Education is only available to those who can afford it. The higher the price of an education, the wealthier you need to be to take advantage of the opportunities that training and education can provide.
We don’t want to be the sort of country where the privileged are given priority. If we are to remain a country that supports opportunity, we have to make sure education remains within reach of working families.
A world-class education should be available to anyone who’s willing to work for it.
That's why the JLN will:
Give every Tasmanian school as much funding as it needs to do the job of educating our kids.
Oppose deregulating course fees, keeping a cap on the price of an education.
The best way to increase the quality of our education system is to lift the standard and support for our teachers.
Teachers work hard for long hours and comparably low pay. Tasmania’s teachers are dedicated, determined and diligent. They’re people to be proud of. They are not the problem. The problem is how we make sure teaching continues to attract the very best and brightest.
Some of the most significant factors determining a child’s educational success are teaching resources and teaching standards.
The JLN firmly believes that when a teacher is well-supported, their students are well-supported too . But there’s more to supporting teachers than a salary. Teachers need professional mentoring and development, consistent ongoing training, fair work conditions, workplace flexibility and the accountability that comes from knowing what students are expected to know, with the flexibility that comes from allowing teachers to work creatively to ensure students know it.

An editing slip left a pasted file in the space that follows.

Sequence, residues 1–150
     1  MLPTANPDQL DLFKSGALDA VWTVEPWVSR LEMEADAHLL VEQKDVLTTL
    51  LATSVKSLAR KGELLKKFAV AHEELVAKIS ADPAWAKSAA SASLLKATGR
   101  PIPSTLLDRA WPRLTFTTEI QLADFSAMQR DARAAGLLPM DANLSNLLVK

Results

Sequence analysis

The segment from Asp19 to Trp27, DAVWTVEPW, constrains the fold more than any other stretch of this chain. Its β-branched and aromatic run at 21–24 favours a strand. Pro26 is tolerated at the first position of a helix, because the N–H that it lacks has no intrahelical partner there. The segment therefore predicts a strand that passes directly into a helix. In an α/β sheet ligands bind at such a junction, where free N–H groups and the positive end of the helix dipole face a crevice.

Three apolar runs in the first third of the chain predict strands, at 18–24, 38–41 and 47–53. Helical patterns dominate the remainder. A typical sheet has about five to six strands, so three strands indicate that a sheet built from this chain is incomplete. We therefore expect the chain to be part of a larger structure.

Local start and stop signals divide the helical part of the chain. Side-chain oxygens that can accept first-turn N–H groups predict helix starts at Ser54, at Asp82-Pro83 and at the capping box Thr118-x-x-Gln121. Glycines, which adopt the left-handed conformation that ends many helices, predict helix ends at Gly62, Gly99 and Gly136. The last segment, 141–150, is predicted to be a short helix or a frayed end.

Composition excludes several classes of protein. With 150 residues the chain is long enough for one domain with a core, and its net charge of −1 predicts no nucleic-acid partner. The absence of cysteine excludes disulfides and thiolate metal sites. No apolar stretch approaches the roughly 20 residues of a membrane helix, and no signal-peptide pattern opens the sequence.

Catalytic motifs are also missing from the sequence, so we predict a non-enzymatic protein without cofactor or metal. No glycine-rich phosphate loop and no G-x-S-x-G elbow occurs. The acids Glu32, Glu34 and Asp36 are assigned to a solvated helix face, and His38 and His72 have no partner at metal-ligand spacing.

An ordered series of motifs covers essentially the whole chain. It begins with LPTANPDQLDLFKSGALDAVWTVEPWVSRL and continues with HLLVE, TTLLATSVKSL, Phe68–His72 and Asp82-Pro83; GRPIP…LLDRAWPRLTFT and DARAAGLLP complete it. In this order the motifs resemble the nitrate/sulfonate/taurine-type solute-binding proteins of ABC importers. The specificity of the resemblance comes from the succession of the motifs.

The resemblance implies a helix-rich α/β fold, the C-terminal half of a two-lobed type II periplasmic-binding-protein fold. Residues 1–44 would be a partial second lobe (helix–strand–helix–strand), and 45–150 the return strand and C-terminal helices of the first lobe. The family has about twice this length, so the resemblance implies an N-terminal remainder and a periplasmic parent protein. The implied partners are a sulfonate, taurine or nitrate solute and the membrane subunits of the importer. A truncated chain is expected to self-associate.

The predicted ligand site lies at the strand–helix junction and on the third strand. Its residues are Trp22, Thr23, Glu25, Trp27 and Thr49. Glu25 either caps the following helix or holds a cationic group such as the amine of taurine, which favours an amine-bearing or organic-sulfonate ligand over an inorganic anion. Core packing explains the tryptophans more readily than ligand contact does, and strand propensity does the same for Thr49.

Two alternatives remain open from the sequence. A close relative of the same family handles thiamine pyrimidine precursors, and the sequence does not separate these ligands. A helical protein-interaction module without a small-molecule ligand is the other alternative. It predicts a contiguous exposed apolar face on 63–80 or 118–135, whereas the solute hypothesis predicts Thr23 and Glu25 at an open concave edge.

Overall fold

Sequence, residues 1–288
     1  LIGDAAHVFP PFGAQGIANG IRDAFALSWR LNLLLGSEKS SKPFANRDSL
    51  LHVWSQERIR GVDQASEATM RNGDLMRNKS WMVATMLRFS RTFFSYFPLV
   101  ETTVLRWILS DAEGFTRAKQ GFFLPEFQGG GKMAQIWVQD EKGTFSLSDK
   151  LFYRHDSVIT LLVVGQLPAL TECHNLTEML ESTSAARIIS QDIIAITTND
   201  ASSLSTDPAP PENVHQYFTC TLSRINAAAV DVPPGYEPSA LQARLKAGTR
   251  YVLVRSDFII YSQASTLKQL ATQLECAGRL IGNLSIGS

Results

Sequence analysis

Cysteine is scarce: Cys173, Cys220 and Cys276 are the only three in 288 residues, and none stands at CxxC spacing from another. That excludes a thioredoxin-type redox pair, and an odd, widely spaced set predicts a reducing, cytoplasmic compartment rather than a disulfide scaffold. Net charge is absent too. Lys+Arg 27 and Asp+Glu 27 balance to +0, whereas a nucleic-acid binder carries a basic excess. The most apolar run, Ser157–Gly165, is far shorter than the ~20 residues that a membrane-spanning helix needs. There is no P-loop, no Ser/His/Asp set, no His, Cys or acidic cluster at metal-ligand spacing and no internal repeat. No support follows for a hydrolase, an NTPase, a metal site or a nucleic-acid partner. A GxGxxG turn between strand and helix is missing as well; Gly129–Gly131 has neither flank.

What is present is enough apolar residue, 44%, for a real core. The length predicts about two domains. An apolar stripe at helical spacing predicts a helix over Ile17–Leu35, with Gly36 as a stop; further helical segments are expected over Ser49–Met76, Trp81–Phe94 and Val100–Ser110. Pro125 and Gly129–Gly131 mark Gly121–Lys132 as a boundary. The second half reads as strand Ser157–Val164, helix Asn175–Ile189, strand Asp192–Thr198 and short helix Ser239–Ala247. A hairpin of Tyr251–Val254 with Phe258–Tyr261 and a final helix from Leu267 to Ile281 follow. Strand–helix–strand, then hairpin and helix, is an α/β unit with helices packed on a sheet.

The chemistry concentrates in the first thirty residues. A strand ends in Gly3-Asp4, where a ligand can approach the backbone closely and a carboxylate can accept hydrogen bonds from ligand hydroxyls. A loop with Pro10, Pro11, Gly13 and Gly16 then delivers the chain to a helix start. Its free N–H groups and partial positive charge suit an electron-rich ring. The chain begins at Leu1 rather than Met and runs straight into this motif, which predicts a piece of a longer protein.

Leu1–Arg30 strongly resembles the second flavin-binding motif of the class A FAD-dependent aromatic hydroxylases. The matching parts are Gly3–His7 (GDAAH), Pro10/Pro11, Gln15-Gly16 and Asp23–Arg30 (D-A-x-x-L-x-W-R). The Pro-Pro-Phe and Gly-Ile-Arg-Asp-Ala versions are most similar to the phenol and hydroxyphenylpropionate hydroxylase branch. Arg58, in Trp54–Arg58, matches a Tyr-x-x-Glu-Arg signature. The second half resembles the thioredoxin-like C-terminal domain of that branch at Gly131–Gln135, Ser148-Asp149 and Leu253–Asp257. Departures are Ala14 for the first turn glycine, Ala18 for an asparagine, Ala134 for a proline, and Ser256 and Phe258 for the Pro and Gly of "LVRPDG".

Clearly, the solution to improving educational outcomes is more complex than simply spending more money. We need to be smart about how we’re spending it.
Tasmania’s teachers need a raise
Teaching should be considered as prestigious a career path as law, medicine, business or science. We want the very best and brightest graduates to feel confident that a career as a teacher will be appropriately respected and remunerated.
We want teaching to attract the very best, because our children deserve to be taught by the very best.
The decision to commit to a career in education is made with reference to other career options. Teaching is viewed as an ‘afterthought’, because of low pay, long hours and the demands of the job, where teachers are expected to fulfil all the functions of an educator, as well as managing parents, providing IT support, and protecting children.
We want to make teaching a more attractive occupation and we want to make our investment in education generate a more substantial return. Those two goals are linked.
Requiring teachers to have completed some postgraduate study is an idea that has support amongst the AEU, the university sector, and amongst the South Australian, NSW and Victorian State Governments.
We want to see teachers given every opportunity to succeed. They have a tremendously difficult job and they deserve a salary that reflects that. We think the role of teacher should be a prestigious one, and the only way for that to happen is more pay and more training.
[i] Lohberger, Loretta. "How we fare in NAPLAN results." Themercury.com.au, 5 Aug. 2017, http://www.themercury.com.au/news/tasmania/how-tasmania-fared-in-naplan-tests/news-story/939a01d21f6ae474df7fed92afab4fca. Accessed 29 Aug. 2017.